Now that referring to Eastern Conference requires a snide comment alluding to minor league baseball, Jerry Springer or the XFL, even mothers across the nation know that the power in the NBA lies in the West. Traces of decency have been found in Indiana and New Jersey, but let’s face it – winning the Eastern Conference will be about as immaterial as your second week of class.
Given the pretentious imbalance existing in the professional basketball circuit, it would only be natural to assume a similar trend in the collegiate ranks. After all, the West Coast has boasted some of the best basketball institutions in the nation.
UCLA, arguably the most storied and prolific program in NCAA history, typically fielded a tournament-worthy team. Up in Berkeley, Ben Braun had turned Haas Pavilion into the home of a Pac-10 powerhouse over the last five years. Go even further north and hear recent stories of grandeur despite shagginess at Oregon. A few years ago it even seemed as if USC was on the verge of asserting itself as a staple of West Coast basketball; so much for that.
Yes, the Pac-10 has taken a swan dive, and with it the nation’s respect for West Coast college basketball. Right now, there are only three teams in either Top 25 poll from the Westerly conferences, and only two of those teams – Arizona and Stanford – are from the Pac-10, the other being West Coast Conference dictator Gonzaga.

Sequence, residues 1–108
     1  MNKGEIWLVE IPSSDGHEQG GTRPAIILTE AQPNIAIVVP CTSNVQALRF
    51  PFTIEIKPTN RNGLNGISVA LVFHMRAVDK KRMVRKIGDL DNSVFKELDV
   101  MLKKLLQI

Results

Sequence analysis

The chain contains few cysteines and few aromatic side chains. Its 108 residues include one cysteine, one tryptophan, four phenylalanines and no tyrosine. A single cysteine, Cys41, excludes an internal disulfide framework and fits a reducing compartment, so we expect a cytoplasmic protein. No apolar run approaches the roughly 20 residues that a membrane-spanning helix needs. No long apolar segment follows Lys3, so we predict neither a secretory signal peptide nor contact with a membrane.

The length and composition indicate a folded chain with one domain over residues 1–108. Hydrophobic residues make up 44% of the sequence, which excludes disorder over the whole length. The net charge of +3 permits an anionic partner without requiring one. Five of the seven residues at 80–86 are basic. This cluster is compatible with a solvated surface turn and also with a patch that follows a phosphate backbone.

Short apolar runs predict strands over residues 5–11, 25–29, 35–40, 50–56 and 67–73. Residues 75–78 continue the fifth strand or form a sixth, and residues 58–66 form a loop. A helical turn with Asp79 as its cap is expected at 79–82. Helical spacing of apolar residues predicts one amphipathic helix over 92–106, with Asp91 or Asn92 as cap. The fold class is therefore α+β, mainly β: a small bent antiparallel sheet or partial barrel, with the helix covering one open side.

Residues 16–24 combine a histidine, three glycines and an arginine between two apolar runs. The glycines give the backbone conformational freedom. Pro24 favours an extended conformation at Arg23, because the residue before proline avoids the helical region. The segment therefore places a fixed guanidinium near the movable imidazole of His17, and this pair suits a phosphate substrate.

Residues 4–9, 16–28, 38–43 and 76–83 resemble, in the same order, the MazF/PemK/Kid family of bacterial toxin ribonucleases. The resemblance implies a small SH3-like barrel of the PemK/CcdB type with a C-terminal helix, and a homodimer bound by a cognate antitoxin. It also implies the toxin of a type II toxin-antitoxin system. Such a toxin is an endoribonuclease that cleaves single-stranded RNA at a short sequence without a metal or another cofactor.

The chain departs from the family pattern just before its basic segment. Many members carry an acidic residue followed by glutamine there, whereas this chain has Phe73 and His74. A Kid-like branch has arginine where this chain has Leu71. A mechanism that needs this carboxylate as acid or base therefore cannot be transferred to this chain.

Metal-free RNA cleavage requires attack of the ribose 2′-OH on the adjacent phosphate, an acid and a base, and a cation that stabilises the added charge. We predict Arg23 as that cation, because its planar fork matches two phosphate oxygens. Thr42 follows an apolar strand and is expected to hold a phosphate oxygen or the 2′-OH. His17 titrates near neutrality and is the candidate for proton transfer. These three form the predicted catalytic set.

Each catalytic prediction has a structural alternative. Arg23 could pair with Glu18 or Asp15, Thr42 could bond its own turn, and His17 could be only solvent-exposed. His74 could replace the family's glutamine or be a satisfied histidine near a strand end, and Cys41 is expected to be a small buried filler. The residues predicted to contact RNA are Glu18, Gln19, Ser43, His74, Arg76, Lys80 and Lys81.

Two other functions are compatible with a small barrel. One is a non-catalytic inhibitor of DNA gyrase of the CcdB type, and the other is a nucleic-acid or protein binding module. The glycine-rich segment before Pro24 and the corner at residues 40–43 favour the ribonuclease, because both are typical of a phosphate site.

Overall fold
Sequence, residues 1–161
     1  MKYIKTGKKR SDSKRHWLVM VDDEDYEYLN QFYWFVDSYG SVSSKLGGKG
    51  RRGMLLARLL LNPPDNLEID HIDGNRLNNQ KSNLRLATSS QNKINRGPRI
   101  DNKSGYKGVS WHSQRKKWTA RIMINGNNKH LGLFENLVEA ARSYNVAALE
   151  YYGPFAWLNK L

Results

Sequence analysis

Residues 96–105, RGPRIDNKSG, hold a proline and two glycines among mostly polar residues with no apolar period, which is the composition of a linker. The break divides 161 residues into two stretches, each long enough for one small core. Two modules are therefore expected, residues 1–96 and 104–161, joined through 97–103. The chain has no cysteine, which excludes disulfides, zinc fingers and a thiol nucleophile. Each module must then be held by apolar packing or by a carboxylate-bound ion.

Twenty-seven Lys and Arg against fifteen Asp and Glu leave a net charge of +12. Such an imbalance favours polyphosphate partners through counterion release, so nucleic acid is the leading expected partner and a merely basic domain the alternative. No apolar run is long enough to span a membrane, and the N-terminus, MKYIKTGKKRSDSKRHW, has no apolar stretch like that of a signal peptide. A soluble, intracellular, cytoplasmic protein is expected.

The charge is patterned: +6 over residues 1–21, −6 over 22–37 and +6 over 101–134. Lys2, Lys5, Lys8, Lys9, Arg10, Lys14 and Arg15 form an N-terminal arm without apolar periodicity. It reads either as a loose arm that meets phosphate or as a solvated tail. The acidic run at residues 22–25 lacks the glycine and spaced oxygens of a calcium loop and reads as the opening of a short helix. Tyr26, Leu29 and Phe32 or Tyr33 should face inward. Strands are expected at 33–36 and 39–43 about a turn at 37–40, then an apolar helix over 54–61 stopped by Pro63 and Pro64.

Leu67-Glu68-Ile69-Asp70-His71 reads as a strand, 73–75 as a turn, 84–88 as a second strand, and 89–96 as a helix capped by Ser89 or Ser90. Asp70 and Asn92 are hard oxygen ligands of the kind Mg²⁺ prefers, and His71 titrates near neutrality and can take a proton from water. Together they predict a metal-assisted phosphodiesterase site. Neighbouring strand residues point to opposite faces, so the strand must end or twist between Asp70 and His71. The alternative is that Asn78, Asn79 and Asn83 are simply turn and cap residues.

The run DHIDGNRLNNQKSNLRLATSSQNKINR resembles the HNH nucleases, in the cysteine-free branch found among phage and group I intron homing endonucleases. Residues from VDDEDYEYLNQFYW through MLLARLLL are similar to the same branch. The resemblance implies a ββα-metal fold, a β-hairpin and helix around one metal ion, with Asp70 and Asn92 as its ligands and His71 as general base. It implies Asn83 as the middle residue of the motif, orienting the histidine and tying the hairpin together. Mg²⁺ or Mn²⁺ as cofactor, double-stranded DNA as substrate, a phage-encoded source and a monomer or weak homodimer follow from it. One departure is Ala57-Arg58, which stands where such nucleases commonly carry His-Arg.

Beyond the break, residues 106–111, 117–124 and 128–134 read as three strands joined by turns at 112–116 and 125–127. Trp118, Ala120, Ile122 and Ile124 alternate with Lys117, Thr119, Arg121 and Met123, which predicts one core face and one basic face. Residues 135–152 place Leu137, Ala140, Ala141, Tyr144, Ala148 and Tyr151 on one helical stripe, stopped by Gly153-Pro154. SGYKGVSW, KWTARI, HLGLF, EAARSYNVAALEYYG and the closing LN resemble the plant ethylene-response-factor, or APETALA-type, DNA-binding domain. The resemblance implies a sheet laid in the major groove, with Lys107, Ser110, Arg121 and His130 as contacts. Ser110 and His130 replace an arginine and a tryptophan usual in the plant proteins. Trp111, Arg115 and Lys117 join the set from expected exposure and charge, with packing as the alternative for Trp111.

What it comes down to is a severe void of impressive nonconference wins. You can win all the games you want against mid-major or lesser teams, but if you don’t beat any tournament bound teams, you can kiss the tourney goodbye. And if you start losing to mid-major teams, you just might become a mid-major team.
Big West teams like UCSB, Utah State and Cal Poly have thrown out the notion that they play in an inferior conference. UCSB and Cal Poly went a combined 3-0 over the Pac-10, dispensing typical powers UCLA, USC and Cal, while Utah State beat BYU, the only other Westerly Conference team granted votes in the USA TODAY/ESPN Top 25.
Either the Big West is on the up-and-up or the Pac-10 has a serious problem on its hands.
For the first time in decades, the Pac-10 could realistically send only two teams to the tourney.
Meanwhile, the Atlantic Coast Conference has absolutely no weak spots; just look at the records: #3 Wake Forest (11-0); #2 Duke (12-1); #14 Georgia Tech (12-2); Florida State (12-3); #11 North Carolina (10-2); N.C. State (9-2); Virginia (10-3); Maryland (9-3); and Clemson (7-6).
Meanwhile, the Big East has very few weak spots. Of the 14 teams in the league, three grace the top 20 and only Saint John’s has a losing record.
Slowly, the density of the college basketball landscape is blowing east, and with the way things are going in the Pac-10, it may soon be said in the same breath as the Big West.